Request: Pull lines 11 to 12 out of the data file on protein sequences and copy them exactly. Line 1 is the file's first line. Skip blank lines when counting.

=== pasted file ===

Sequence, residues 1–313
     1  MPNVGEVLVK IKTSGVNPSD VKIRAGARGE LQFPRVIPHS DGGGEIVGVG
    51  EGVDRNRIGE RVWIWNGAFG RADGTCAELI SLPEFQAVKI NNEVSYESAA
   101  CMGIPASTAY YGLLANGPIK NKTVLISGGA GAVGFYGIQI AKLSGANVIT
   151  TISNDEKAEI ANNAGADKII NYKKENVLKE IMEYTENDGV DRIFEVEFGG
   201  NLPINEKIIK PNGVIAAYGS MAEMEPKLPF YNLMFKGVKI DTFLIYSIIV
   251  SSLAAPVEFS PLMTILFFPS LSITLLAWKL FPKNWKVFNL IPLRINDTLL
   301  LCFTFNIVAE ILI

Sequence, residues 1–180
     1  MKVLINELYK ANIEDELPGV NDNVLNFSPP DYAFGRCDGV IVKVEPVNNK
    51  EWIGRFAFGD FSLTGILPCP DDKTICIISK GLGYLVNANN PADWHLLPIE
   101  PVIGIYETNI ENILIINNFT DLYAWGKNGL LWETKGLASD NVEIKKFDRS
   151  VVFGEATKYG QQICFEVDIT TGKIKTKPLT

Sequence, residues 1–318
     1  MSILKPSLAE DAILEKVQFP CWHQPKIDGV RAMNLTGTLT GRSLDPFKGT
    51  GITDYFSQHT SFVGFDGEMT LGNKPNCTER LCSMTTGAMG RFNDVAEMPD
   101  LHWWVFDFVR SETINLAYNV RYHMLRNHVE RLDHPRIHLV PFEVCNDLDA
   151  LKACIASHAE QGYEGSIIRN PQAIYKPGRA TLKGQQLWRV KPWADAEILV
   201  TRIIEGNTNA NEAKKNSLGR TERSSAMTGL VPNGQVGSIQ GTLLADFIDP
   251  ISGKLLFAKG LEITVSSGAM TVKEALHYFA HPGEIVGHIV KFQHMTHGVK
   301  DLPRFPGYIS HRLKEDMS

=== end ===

    51  EWIGRFAFGD FSLTGILPCP DDKTICIISK GLGYLVNANN PADWHLLPIE
   101  PVIGIYETNI ENILIINNFT DLYAWGKNGL LWETKGLASD NVEIKKFDRS